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Sundial

Florida politics, mental health after trauma, The Keys’ tourism booms again

Where to find mental health and trauma support in South Florida
Katie Lepri Cohen
/
WLRN
A list of local and national resources for mental health and trauma support.

State Politics. Taking care of your mental health in the aftermath of traumatic events. Plus, the rising costs of visiting The Florida Keys.

On this Tuesday, May 31, edition of Sundial:

Florida politics

New efforts to lower your property insurance costs are now law. So are new rules to try to make condo buildings safer.

As the pandemic continues, you can rely on WLRN to keep you current on local news and information. Your support is what keeps WLRN strong. Please become a member today. Donate now. Thank you.

During a special session last week, Florida lawmakers quickly passed bills that address roof maintenance for homeowners, soaring insurance premiums, and added mandatory condo inspections in response to last year's tragedy in Surfside.

Mary Ellen Klas, Capitol bureau chief for the Miami Herald, joined Sundial to highlight takeaways from the new laws and discuss the politics that's been brewing ahead of the midterm elections.

"I think that the whole point of the property insurance special session was to have legislators do something that they failed to do during the regular session," she said. "They realized that this was too big of an issue, or this issue was too daunting, to make any immediate changes. So they patched together enough of a package that they think will have some longer-term effect. I don't think the condo stuff was really a distraction."

She explained that most of the new condo safety laws had been worked out during the regular session earlier in the year, so this time a special session was only needed for the final details. And when the elementary school shooting happened in Uvalde, Texas last week, lawmakers were still gathered together in Tallahassee. Klas detailed how lawmakers' responses to that tragedy are tied to the divisive politics at the state level:

"The Florida legislature did something pretty remarkable in 2018 when the Parkland massacre occurred. And that was for the first time in a generation, they passed gun control. They limited the age of somebody who could purchase a gun from 18 to 21. They banned bump stocks. They put new red flag laws in place. But when this tragedy happened in Texas, they decided that it was not important to return to that and strengthen Florida's laws. I think they think things are working just fine," Klas said. "There is no more talk, no additional talk of strengthening Florida's laws, no talk of banning assault rifles, banning high-capacity ammunition. That's just not on the table. And I don't expect it to return."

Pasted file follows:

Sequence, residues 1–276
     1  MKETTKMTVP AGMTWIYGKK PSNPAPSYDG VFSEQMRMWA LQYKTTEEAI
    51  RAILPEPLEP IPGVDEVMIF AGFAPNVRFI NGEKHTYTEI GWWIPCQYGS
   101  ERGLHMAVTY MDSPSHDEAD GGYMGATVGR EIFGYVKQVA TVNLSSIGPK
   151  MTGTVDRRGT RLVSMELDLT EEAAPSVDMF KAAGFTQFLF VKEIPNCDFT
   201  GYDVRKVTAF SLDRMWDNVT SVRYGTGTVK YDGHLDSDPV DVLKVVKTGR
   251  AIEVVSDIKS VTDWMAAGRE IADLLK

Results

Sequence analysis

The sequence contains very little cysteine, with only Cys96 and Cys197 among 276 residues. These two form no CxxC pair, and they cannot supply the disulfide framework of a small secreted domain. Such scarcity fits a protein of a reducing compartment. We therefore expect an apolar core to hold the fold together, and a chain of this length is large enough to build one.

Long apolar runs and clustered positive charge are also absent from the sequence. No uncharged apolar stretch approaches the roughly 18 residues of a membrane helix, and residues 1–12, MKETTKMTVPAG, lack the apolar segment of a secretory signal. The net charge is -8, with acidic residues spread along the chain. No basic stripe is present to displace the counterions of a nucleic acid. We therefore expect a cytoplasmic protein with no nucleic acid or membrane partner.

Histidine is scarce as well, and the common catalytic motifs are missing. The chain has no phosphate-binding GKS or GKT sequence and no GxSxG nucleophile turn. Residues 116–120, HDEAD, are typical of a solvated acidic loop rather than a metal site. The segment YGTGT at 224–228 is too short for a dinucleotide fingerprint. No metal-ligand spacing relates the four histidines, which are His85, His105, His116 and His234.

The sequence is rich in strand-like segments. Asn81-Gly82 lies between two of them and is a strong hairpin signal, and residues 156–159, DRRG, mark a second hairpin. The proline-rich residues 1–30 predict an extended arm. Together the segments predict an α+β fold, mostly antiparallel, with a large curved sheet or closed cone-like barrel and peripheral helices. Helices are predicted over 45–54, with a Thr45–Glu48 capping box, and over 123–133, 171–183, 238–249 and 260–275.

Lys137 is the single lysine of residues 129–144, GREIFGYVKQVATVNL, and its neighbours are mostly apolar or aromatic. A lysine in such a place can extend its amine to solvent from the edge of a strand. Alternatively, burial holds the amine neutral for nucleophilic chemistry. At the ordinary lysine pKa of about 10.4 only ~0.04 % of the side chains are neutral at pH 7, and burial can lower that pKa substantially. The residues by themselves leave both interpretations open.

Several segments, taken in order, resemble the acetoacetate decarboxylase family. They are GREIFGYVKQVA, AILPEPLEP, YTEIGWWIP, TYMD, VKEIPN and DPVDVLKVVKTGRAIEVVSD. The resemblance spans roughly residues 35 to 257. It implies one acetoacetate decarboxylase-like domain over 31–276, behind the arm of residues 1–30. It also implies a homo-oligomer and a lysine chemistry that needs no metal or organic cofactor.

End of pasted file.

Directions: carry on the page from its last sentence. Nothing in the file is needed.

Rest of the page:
Florida politics
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Mental health after trauma

Chances are you’ve seen images and heard stories about last week’s school shooting in Uvalde, Texas.

Those images and stories can be triggering — and they should be. A lone gunman killed 21 people, 19 of those who died were children.

It’s a tragedy that is all too familiar here in South Florida. Just four years ago, the Parkland school shooting happened, where 17 were killed and 17 others injured.

The trial for that confessed shooter is just in its beginning stages now.

News like this can be difficult to digest. And these days, we can’t escape it. With social media, those images and stories follow us everywhere.

Dr. Jessica J. Ruiz, the Chief Psychologist and Director for Behavioral Health Associates of Broward, the Counseling Centers of Goodman Jewish Family Services, joined Sundial to talk about some habits you can implement to take care of your mental health while still being informed.

“It's good to do a personal inventory. Know what are the things that help me feel good about myself and kind of check-in? Have I been doing that lately?” said Ruiz. “If, however, you're noticing that it's getting pretty hard to kind of make it through day-to-day, and it's not just having one or two days that are kind of off, but it's now becoming a more consistent pattern. It is a good time to reach out [to a trained professional].”

Ruiz has worked with the Parkland community after the school shooting that happened in 2018.

Mental health after trauma
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The Keys’ tourism booms again

It's become more expensive for you to take a vacation in the Keys.

Parking, food and especially hotels are all costs to think about when you're planning a weekend getaway at the state's southernmost point.

Recently, commercial real estate firm, Berkadia, put out a report that found The Keys are the "best performing market in the country" when it comes to hotel room occupancy, average daily rate and revenue per available room.

All these factors add up to a much busier tourist scene in Key West than what we saw during the pandemic.

WLRN’s reporter for the Florida Keys, Nancy Klingener, joined Sundial to discuss what the data is telling us about tourism in The Keys right now, how sustainable this growth is and the impact it’s having on residents.

The Keys’ tourism booms again
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Caitie Muñoz, formerly Switalski, currently leads the WLRN Newsroom as Interim Managing Editor. Prior to transitioning to leadership from production, Caitie reported on news and stories concerning quality of life in Broward County and its municipalities for WLRN News for four years.
Leslie Ovalle Atkinson is the lead producer behind WLRN's daily magazine program, Sundial. She previously produced Morning Edition newscasts at WLRN and anchored the midday news. As a multimedia producer, she also works on visual and digital storytelling.